In this next picture, you can see silk worms eating mulberry leaves on the right, and larger ones spinning their cocoons on the left. Some produce white, and others yellow. They’re simply different varieties of worm:

So how do you tell the difference between real silk and fake silk? Here’s a short article on the subject:

The gist of it is weave, cost, sheen, print, and whether it stops or keeps burning once you light it and then take the flame away (kind of expensive, this last test, so I don’t recommend it).

Here’s a video of a woman weaving silk using a hand shuttle. A “shuttle” is the device that holds the new thread, and the weaver passes it back and forth across the tapestry to add the new threads. A “beater” then presses them into place. (That's what she's pulling on after she passes the shuttle through each time.):

The noise you hear in the background is from a foot shuttle, the dominate form of weaving apparatus used today. The weaver simply presses a peddle to make the shuttle go back and forth across the threads.

I’m particularly fascinated by the art of weaving because of my stories. One of my shorts, “Tapestry of Time” is based on the idea that people’s lives are threads in the space-time continuum. Lives can be cut and sewn to other lives to make each one shorter or longer. In my novel series, the characters use “shuttles,” portal like devices, to travel from place to place through the fabric of space-time. Thus they can travel through outer space to other planets without having to use a spaceship.

Next we saw the lacquer ware. Artisans get the lacquer from tree sap, which they paint on wooden or ceramic objects. Then they paint on gold and other designs. Other times, they coat the surface in gold paint, brush on the lacquer, and then scratch away the lacquer to reveal the gold underneath and create designs. This is typically the better method, and lasts longer, though it is quite a bit more expensive.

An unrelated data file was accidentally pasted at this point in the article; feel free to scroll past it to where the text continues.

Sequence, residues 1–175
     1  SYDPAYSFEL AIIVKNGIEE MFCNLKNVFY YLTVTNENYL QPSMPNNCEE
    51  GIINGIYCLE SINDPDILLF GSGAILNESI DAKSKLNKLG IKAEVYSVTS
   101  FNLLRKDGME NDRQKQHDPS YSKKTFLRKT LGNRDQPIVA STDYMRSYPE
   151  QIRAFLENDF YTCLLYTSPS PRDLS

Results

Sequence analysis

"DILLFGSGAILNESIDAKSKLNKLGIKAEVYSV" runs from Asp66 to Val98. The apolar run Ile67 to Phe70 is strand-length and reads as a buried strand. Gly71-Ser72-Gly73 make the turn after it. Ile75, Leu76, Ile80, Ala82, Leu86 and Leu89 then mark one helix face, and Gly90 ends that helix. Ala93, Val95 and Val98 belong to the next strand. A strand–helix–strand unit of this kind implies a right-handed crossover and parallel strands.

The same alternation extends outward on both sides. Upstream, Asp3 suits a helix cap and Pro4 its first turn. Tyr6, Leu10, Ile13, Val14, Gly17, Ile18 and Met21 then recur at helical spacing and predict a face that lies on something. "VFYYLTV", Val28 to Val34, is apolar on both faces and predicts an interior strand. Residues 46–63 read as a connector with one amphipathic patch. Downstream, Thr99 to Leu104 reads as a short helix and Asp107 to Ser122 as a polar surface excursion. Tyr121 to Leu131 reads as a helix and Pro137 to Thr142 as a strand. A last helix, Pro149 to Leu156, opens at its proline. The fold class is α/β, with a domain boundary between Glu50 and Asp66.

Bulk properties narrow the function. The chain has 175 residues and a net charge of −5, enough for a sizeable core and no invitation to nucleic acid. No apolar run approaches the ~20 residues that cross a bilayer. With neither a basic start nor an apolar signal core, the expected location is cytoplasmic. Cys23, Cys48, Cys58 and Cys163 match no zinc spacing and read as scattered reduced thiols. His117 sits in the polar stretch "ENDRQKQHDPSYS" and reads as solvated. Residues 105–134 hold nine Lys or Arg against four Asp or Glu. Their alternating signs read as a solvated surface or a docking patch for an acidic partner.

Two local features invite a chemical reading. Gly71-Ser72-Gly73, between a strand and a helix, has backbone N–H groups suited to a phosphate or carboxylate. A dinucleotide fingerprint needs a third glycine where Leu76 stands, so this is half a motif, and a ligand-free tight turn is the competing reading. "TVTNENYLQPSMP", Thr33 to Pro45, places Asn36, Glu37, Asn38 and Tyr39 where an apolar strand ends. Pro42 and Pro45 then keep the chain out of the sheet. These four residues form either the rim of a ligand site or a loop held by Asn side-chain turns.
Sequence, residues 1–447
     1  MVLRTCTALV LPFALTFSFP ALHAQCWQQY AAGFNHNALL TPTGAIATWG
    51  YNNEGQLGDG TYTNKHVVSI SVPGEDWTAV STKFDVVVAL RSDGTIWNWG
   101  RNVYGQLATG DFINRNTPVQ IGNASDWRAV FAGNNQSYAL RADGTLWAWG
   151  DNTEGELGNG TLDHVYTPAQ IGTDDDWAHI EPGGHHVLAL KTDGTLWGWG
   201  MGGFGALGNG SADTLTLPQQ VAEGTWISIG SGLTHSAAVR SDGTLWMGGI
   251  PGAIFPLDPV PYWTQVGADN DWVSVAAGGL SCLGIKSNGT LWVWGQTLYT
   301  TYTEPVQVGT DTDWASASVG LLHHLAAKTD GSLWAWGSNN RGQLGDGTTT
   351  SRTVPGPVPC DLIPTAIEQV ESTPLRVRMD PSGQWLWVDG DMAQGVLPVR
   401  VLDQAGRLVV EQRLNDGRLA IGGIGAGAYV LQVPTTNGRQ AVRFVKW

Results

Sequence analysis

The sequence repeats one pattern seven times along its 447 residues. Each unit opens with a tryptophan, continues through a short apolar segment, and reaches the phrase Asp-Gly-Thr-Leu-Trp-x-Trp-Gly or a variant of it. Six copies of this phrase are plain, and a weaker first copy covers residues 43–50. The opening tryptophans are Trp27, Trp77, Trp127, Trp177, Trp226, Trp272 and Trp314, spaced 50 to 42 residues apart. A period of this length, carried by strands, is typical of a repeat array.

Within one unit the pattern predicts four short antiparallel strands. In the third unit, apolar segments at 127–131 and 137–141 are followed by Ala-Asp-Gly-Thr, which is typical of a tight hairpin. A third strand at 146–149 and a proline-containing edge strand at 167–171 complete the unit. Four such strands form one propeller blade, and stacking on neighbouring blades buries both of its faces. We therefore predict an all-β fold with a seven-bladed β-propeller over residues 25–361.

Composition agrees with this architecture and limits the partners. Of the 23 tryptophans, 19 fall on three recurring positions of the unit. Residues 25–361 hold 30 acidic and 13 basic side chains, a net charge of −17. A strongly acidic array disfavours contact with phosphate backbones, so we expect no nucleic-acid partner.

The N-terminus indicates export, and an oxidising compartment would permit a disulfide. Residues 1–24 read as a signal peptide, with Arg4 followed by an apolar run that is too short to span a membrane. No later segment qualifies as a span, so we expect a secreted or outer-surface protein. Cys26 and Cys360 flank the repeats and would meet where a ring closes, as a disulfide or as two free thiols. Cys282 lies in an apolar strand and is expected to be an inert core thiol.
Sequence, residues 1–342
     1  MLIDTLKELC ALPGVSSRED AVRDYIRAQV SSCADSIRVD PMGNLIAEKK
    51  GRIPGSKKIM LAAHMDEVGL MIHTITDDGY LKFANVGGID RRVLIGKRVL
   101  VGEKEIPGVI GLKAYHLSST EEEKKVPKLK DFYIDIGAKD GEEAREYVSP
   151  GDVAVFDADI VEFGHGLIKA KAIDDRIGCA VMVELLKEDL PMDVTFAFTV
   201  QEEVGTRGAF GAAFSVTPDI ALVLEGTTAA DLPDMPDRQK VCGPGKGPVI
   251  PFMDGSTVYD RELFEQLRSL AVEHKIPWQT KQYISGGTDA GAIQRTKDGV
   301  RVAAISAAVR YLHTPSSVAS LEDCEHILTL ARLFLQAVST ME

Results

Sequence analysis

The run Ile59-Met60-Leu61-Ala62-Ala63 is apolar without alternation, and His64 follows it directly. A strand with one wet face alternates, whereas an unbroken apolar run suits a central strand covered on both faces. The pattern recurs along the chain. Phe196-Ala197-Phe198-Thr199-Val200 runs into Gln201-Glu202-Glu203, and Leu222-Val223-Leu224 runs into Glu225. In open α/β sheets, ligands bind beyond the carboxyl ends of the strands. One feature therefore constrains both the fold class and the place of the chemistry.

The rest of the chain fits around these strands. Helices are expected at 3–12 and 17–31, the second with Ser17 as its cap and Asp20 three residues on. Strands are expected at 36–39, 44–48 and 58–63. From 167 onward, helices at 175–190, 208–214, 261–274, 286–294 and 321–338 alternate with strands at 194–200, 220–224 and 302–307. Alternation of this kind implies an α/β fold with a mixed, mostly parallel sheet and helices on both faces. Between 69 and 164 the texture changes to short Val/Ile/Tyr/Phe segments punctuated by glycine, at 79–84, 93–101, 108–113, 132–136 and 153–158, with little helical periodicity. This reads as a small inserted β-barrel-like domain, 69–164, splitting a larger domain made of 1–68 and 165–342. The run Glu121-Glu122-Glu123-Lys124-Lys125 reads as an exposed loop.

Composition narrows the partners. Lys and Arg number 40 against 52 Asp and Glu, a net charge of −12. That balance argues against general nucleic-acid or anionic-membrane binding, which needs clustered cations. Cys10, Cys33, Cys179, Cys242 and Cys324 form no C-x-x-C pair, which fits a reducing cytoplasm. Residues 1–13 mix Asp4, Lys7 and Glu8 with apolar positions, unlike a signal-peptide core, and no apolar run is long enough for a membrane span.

Here’s Mom with a large lacquer gold fish that cost several hundred dollars:

The last place we stopped was the fan/umbrella making shop, for which Chiang Mai is particularly famous. Mom and I both bought fans because they were cheap and useful in the heat. (Mom also got one depicting a beautiful Thai village, waterfall, and jungle to mount in the living room for decoration.) Here is a large umbrella on display:

And some gorgeous paintings:

Each item is hand painted by artists, so you get a lot for the price you pay. Many of the designs are repeated and used by several artists, but you can request an original, unique one, though they cost more.

After we finished there, Chiya had to run and catch a plane for his next tour. We got back to our hotel about 5:00 to talk and make plans for our free day. We checked out some Thai TV and Mom noted that many of the shows were either American or Japanese in origin. There were lots of Japanese cartoons in particular. I explained to her the growing fandom with Japanese “anime” (short for animation) since the 1980s that is sweeping across the world, particularly in Asia and America.

“Lots of people are totally obsessed,” I said. “They dress up as the characters, go to conventions. You’ve seen the T-shirts around Thailand, even. People who are obsessed like that are called ‘otaku.’ ”

After that, we went downstairs in the hotel to check out what kind of tours they offered. The woman who worked the tour desk was in her early thirties, very pretty and proper. She asked why we were in Thailand. I told her I was living in Japan and had just finished my contract.

“Oh, Japan? I love Japan!” she exclaimed. “I want to go there some day.”

“Why?” I asked, a little confused. Most Southeast Asians I knew either disliked Japan or had an indifferent attitude about it, on account that Japan took over so much of Asia with brutal force during World War II.

The woman looked very shy all of a sudden. “Because,” she whispered, as if she didn’t want anyone to hear, “I love Kitty.”

“You mean Hello Kitty, the character?” I asked.

“Yes!” she exclaimed. “I love all things Kitty!”

“Well,” I told the woman, “in Osaka, the big city near where I live, you can actually get a Hello Kitty wedding.”

Her eyes got real big. “Oh, how romantic!”

I smiled, though I actually thought it was the most unromantic thing I’d ever heard of. A Hello Kitty wedding? While I visited Universal Studios Japan and saw the sign advertising them, I thought I might gag. Where has the sanctity of marriage gone?

“See?” I told Mom later. “You never know who might be ‘otaku.’ ”

The following day was our best day on the entire 12-day tour, so stay tuned to find out about that next time!